The European Accessibility Act (EAA) requires that certain essential products and services, including banking, public transport and online shops, are made accessible for persons with disabilities. According to the deadline set in legislation in 2019, the EAA had to be transposed into national law by June 28, 2022. This transposition could take the form of creating a new accessibility law, or by including the EAA’s accessibility provisions into existing national laws.
In instances where member states neglect to respect EU Law. the European Commision may initiate a treaty violation against that member state that can result in possible penalties or fines.
At the time of writing, the following Member States (24 out of 27) have failed to transpose the European Accessibility Act into national law by the deadline: Belgium, Bulgaria, Czechia, Germany, Ireland, Greece, Spain, France, Croatia, Cyprus, Latvia, Lithuania, Luxembourg, Hungary, Malta, the Netherlands, Austria, Poland, Portugal, Romania, Slovenia, Slovakia, Finland and Sweden.
This is significant because the EAA is a key piece of legislation that aims to strengthen the rights of persons with disabilities for equal access to services and products that are vital to day to day existence and meaningful participation with society at large. Due to the lack of progress being made on the national level, clearly further efforts need to be made to ensure that the remaining member states transpose the EAA into their national laws sooner rather than later.
Only once this has been done, and done correctly, will the European single market be able to unlock its full potential with regards to economic and social development.
What Happens Now?
The Few Countries Leading The Way
Only 3 countries actually issued national transposition of the EAA to the Commission for approval by the stated deadline: Estonia, Italy and Denmark. The details of these national laws can be found on the EUR-Lex platform.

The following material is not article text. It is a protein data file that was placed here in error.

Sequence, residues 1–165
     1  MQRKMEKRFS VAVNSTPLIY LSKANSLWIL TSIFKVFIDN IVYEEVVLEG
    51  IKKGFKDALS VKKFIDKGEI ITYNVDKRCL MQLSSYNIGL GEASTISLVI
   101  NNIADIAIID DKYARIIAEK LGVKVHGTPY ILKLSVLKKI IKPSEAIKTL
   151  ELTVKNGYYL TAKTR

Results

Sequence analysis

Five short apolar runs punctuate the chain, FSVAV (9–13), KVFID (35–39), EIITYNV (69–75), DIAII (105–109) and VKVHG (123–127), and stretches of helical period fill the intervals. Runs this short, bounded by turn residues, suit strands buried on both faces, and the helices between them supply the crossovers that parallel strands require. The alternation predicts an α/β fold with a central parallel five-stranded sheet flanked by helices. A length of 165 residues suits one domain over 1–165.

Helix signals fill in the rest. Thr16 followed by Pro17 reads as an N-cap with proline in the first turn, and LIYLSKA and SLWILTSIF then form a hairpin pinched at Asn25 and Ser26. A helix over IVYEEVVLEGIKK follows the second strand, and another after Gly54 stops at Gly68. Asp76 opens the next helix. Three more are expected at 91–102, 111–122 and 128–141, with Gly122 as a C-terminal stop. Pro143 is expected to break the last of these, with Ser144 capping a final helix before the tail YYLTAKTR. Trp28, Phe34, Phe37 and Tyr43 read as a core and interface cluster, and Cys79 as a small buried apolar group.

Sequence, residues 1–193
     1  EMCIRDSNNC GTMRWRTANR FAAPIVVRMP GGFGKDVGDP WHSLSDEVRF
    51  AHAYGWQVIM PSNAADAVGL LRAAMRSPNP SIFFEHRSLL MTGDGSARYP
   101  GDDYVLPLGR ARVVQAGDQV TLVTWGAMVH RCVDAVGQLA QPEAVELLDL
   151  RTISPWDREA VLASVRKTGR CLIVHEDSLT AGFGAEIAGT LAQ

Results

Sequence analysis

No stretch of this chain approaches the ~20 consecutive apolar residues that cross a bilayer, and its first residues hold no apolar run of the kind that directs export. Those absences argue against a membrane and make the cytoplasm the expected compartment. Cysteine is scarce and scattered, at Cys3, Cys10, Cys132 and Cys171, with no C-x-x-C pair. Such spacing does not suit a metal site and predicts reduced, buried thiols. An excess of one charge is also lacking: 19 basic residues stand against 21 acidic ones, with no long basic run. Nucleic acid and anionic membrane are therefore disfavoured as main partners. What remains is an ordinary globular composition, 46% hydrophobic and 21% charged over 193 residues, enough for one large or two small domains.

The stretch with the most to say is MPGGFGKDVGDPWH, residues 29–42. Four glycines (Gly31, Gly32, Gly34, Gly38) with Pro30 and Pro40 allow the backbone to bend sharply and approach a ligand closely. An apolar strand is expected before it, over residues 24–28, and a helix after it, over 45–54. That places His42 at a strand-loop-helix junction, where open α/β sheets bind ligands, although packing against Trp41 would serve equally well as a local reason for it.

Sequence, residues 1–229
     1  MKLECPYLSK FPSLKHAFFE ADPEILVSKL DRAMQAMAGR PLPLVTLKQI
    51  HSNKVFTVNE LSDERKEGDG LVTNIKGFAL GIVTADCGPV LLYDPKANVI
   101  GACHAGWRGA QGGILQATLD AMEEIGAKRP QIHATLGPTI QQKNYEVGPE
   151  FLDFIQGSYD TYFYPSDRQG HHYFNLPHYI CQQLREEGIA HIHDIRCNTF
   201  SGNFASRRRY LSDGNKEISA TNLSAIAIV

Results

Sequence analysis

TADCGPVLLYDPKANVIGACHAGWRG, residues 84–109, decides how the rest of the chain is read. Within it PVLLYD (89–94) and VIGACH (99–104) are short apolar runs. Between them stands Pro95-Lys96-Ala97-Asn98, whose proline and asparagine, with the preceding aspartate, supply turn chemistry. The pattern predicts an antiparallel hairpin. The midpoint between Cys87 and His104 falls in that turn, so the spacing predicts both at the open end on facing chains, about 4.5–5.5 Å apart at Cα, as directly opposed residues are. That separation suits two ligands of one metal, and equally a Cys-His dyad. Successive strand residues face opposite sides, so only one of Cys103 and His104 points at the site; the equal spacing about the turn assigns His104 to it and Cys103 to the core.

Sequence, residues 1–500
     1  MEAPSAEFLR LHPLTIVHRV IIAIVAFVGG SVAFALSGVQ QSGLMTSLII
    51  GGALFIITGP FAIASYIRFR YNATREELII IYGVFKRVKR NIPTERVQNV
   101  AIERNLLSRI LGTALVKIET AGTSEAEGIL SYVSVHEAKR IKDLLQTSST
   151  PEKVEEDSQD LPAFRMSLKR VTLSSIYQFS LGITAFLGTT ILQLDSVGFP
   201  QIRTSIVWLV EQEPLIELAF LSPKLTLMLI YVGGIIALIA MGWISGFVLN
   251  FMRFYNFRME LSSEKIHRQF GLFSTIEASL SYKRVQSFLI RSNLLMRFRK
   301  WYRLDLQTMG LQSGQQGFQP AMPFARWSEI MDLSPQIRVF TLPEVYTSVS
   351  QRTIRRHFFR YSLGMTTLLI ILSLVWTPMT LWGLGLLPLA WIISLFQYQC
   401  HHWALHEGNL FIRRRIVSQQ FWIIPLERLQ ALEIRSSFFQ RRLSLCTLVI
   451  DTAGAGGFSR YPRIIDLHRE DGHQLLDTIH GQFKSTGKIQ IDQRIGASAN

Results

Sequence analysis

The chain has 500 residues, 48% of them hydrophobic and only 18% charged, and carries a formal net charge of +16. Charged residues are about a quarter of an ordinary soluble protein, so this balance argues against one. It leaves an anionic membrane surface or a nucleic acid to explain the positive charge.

While a handful of other countries have since issued regulations, for the most part, those that have done so have adopted the EAA by default reference. Click on the following link for a list of all of the national regulations that have now been sent to the Commission for approval. Those who want to stay ahead of the development of proposed new national accessibility laws across the EU would be well advised to keep an eye on how this list grows and changes over the coming months.In the case of Denmark, you can click on the following link to see the legislation that has been proposed for implementation to the EAA.
What To Expect Next
As the vast majority of EU member states are yet to submit their proposed legislation, and the legislation that has been proposed is still under review, it is difficult to say how things will progress. The bottom line, however, is that the EAA will be adopted by EU member states in one form or another, as it will become national law by default for those countries who have failed to implement their own legislation by 28 June 2025.
While there are sure to be a few bumps along the road, the EAA will ultimately achieve its goal of improving the market for accessible products and services across the EU. In time, the implementation of its recommendations will enable organizations to introduce accessibility features into all of their products and services, enhancing inclusivity and bettering European society as a whole.
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